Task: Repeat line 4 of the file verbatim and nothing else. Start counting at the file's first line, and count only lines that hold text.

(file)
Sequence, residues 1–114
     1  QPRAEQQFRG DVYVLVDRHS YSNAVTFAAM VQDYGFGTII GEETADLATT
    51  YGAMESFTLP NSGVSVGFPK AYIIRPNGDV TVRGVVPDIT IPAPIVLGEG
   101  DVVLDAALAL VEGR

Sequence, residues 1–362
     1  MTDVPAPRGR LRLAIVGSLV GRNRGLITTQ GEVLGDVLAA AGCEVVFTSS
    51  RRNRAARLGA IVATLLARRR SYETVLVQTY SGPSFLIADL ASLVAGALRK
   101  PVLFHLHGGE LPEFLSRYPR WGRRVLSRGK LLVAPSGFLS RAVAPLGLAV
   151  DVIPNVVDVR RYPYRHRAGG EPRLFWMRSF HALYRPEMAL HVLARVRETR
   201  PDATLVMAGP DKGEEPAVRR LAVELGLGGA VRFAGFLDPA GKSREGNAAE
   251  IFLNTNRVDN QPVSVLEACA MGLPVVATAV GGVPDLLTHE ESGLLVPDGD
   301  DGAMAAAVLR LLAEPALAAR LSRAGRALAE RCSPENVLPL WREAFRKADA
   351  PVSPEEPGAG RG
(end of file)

   101  DVVLDAALAL VEGR